Social Media Policies
Seems lots of people are working hard these days to establish policies specific to social media and online interactions with staff and students. Specifically, many of these policies are focused on the ways staff are engaging social media both inside and outside the classroom.
My district has recently started exploring the possibility of establishing our own policy, and that drove me to start looking around at what others are doing. What I’ve found has been quite fascinating.
I’m not yet decided on how I think we should approach this exercise, exactly. I do know, however, that I want to make sure we take an approach that will establish policy which will not serve to preclude teachers from using social media. Seems that might prove difficult. As I continue my research, I’m looking for what approach will work best to provide sound guidelines and protections for our students and staff while still affording both the opportunity to actualize the benefits that such media forms present. And I’m left to consider the following items that I’ve come across so far in my work.
We must be mindful of free speech considerations. Though, this is a difficult road to navigate given the complex nature of how the First Amendment has been interpreted for public employees. See Garcetti as an example.
My previous district just passed their social media policy. See section 5:135. I’m very curious to see how their policy takes shape as they are now working to create their procedures. There are several issues in the policy that I think might prove very difficult to implement. Especially the parent permission piece.
Papillion-La Vista School District entirely prohibits teachers from engaging students on social networks and strongly discourages them from doing the same with parents or guardians. I’m not sure that’s the way I want to go, but it seems the way many are taking at present. *Update 12-1-10– Please see Josh’s comment below for clarification on Papillion-La Vista School District’s policy. I’m afraid I misrepresented it here, so please read his helpful clarification.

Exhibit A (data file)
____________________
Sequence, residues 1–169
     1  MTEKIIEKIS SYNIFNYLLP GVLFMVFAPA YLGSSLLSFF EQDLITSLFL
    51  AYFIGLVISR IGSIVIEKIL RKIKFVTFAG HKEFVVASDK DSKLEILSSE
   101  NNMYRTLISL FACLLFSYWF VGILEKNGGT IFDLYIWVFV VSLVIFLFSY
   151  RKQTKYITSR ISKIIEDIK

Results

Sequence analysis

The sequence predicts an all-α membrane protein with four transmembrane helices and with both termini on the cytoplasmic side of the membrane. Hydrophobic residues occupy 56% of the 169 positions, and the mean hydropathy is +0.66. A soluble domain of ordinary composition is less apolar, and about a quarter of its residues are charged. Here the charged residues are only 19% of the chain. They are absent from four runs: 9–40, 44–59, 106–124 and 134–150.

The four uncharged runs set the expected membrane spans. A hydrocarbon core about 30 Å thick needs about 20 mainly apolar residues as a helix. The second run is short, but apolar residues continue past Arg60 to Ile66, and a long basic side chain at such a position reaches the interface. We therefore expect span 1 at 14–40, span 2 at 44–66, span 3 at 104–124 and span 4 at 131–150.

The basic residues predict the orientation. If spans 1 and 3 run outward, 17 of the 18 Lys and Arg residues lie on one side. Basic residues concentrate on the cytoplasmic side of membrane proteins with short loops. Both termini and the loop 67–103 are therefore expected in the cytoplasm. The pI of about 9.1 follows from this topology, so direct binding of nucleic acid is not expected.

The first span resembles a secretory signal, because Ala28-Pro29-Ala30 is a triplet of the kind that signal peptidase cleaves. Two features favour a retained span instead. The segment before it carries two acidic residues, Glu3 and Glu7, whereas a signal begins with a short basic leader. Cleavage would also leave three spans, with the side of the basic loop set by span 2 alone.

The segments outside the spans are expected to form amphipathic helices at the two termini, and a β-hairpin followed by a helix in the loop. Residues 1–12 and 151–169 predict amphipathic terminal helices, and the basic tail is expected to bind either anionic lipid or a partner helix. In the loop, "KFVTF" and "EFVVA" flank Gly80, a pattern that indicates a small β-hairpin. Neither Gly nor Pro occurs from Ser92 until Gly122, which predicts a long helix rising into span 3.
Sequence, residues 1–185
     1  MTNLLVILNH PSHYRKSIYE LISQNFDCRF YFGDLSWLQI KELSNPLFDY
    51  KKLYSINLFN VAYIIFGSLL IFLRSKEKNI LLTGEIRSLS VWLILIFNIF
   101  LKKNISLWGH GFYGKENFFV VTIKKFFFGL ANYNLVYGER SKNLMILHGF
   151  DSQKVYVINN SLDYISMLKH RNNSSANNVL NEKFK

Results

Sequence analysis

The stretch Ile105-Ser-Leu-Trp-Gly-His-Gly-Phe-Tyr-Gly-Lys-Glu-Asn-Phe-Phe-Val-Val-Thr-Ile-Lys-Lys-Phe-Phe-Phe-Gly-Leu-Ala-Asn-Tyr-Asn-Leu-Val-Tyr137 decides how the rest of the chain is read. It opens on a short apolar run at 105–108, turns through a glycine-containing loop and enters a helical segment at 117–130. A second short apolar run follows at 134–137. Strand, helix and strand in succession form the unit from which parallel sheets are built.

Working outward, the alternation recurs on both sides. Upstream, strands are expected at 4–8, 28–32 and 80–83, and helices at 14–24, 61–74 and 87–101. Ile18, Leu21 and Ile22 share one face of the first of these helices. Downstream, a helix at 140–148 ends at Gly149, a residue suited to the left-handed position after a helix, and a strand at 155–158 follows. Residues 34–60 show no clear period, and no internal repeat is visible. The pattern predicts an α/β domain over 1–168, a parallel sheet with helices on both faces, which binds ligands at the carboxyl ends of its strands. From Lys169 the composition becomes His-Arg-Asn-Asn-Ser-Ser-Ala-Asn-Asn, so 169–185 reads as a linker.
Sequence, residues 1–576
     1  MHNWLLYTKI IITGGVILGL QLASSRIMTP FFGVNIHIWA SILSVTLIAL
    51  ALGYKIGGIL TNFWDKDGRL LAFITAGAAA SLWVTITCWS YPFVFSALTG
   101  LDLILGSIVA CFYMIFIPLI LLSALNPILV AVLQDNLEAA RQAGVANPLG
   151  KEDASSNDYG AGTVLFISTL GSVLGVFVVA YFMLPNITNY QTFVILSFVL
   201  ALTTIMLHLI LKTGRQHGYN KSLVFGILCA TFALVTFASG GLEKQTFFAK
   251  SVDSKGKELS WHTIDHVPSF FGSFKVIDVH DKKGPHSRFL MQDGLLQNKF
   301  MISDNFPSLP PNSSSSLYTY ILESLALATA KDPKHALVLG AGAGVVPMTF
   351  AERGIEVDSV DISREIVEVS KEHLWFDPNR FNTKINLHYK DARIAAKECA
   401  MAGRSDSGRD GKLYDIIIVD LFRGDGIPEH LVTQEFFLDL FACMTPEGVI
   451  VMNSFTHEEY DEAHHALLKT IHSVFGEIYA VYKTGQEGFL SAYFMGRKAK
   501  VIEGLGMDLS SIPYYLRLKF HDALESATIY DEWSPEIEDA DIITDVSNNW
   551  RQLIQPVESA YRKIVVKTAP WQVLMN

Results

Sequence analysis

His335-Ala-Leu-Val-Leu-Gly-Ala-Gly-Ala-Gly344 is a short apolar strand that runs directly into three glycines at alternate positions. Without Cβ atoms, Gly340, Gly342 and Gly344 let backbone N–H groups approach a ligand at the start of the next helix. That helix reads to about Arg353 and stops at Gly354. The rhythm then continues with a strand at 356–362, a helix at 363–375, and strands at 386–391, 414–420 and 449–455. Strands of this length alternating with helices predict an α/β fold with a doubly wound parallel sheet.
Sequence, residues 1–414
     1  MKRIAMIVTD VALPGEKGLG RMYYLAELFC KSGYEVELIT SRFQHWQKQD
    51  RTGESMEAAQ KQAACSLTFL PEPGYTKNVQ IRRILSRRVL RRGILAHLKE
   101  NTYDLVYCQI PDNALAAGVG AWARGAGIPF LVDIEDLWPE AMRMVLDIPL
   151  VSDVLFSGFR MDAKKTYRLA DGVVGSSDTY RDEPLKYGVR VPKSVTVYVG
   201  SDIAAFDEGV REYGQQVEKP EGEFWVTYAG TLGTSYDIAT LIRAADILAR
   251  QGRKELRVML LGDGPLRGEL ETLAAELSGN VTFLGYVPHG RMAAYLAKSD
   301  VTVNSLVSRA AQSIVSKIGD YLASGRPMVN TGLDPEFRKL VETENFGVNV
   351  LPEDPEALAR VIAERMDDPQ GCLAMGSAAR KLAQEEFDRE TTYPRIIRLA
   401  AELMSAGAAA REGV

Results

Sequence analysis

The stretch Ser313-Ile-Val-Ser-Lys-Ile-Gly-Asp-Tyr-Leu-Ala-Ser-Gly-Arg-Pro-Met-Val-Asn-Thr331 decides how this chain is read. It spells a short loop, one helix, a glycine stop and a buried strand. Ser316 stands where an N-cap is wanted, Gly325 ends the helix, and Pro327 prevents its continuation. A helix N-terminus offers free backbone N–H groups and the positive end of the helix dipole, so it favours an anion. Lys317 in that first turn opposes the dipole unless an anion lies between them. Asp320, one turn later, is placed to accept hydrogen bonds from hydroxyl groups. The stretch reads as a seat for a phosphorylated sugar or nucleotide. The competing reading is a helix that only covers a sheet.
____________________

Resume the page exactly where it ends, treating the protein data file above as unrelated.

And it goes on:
There are also several interesting resources surfacing intended to help institutions with this issue. This site aims to help you quickly build your own policy for your business or district. And recently, the Common Craft folks released their social media in the workplace video to help people better understand the issues involved.
The American School Board Journal also had an excellent article in its December 2010 edition on the subject. The first portion of the article can be found here (my apologies to those of you who don’t have a subscription to read the rest).
As we move forward and see more and more districts begin to policy social media and electronic communications, I hope we’ll see a movement away from the full restriction and more will allow common sense to prevail. Because it seems to me much of this is an old conversation repackaged into a new container. Yes, social media tools are new. But social isn’t. And we’ve been doing that inside and outside of schools for a very long time now. And in many cases, we already have policy for that. And if we restrict teachers from using social media or electronic communications with students, does that mean we restrict them from going to a student’s game or performance after school? Or from answering a phone call in our classroom from them after hours when they need help with homework? Maybe those are unfair comparisons, but they don’t really seem to be to me.
I’d love any direction, feedback, insights, ideas, examples, etc. that you might have on this issue as I know I could use more help on the topic as we explore our options for addressing concerns with social media and electronic communications in our district.